“Hmm… are you into astrology? Let’s check out what your sign means.” He flipped through some thick astrology book he had on his bookshelf and read me a few pages of my personality, omitting all the negative parts which were the parts I had my ears perked for but was disappointed when I realized he was just skimming for the good stuff. The negative parts of astrological signs are always the funniest part to me, and there he was, the therapist, being so serenely sensitive to my emotional state. I decided not to bully him for it and asked him what sign he was, to which he replied Capricorn. To which I groaned. All the past year I had been smothered by the presence of Capricorns and it never turned out well. And on the relationship front, they were the main heart offenders. They were always so charming at first but after that, their claws came out and they sunk their teeth in you and tried yanking your soul out your ass. That was when I decided I couldn’t take this therapist seriously and I stopped crying and asked him why he was a therapist.

IMG_3520He had a long story about being a stockbroker and reading self-improvement and motivational books which were really just psychology in disguise. Then he quit the stock exchange and worked at a burger joint while he went to school to be a therapist and now here he is, happier than ever and so glad he’s not in a business suit every day. Our hour was up and I was relieved. My dad was waiting outside the old wood building in his car to give me a ride home. He knew better than to ask me how my appointment went so the only words he said to me were when we pulled up in front of my apartments and I got out: Hope you feel better. I slammed the door shut and holed myself up in my apartment the rest of the weekend.

During that time, everything that shouldn’t have bothered me definitely bothered me. All the things that were actually important though and should have bothered me, didn’t seem to make much of an impact on me at the time. But I guess it just accumulated itself in some filter of my mind to come unclogged later and sifted through. For example, I hated watching people with disabilities on TV because they afflicted me with too many emotions and I was already overwhelmed with too many of my own. I sat watching some program on disabled kids and felt bad for wanting to laugh at their goofy grimaces and nauseous watching them eat. At the very same time, I felt such a profound sadness that they were born this way. In another sense, I was completely proud of them and wished them nothing but the best, yes you there son with down syndrome good going putting that peg into the circle you show them how far you’ve come! It just seemed like such a mockery of human existence to see anything plastered on a television screen, especially the suffering of someone who’s ailments came from birth. It upset me in too many ways. So I watched the marathon of whatever sick program that was and finally came to the conclusion that the correct emotional response to these images was to feel nothing for them at all. They were temporary, they would die too someday, it should not affect me.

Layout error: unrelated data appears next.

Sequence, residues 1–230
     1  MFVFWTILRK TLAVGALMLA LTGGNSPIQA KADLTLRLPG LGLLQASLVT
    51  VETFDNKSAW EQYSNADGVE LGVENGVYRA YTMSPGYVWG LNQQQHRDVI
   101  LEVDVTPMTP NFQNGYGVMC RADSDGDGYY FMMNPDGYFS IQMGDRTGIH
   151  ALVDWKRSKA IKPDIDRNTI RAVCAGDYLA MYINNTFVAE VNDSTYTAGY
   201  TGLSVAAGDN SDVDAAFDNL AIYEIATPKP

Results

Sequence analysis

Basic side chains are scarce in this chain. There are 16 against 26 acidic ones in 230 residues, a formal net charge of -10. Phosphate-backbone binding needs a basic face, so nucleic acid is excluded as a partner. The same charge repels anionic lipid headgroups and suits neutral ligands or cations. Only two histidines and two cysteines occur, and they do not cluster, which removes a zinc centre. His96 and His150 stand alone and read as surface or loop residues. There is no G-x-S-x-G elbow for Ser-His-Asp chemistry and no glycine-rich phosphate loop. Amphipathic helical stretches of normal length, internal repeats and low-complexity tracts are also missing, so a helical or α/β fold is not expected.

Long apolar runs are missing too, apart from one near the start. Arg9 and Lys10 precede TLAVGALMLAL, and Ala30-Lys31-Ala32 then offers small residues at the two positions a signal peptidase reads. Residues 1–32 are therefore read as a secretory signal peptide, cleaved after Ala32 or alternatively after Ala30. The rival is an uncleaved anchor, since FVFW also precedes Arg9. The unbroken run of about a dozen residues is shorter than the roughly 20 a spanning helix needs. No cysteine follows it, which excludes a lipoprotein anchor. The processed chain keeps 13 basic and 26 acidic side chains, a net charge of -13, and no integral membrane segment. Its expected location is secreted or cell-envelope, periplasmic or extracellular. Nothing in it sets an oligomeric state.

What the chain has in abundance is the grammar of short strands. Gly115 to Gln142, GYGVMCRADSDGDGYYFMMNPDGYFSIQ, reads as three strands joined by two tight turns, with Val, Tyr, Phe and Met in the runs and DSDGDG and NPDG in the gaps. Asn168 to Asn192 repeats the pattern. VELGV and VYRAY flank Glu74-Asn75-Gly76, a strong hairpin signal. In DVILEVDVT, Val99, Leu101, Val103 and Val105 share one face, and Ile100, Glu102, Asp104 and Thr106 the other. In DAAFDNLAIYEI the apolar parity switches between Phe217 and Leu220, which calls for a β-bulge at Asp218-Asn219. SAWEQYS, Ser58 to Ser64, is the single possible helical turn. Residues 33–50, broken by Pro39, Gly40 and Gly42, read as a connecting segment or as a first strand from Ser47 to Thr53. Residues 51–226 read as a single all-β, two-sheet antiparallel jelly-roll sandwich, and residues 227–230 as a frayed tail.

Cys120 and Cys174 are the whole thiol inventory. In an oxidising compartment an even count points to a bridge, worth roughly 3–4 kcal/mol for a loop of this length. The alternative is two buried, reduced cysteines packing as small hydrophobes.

I became that way about everything, even myself. When something “bad” would happen to me or someone would mistreat me it was like I was watching someone else. This guy I was dating got me drunk on Christmas Eve and we had sex and I said something that pissed him off (I still don’t know what) and he spit in my face and I spit back and he kicked me out. I never even got mad at him. I called him the next weekend and we did it all over again. Somewhere along the lines, I had trained myself so well to not feel bad for anyone or about anything that I didn’t even feel bad about me either, pity wasn’t exactly a quality I aimed for perfecting anyway. Finally, I had mastered the art of humanity, I’d tell myself. I looked down at homeless people and teens with their kids in strollers and I didn’t feel bad about it and I didn’t want to help them because they were not my lives and I didn’t have to worry about them.

For a while, I thought that this was freedom: lack of attachment to anything and everything. Apathy personified. But that sugar cube idea quickly dissolved one day that I was sitting at some bookstore staring at people looking for knowledge in heavy squares made of pages of paper filled with black-printed words. All those people in all those aisles, skimming and skimming, just reminded me of little ants crawling all over one another and here I was just a little ant off to the side, refusing to participate. Crossed my antennae, sat on my red behind, not moving. Not following that leader, no way. I even brought my own thermos full of black coffee (or gin) so I didn’t have to buy the expensive cafe’s coffee. I was pretty bitter every time I’d go to that bookstore, but it was the air conditioner worked well in the summer and the heater worked well in the winter that kept me coming back.

*This is half of a short story I’ve worked on while I distract myself from my main boo[k] for the moment. Shrug. Let me know what you liked and hated about it if you read it.

 

Title is a lyrics taken from “El Condor Pasa” by Simon & Garfunkel 💜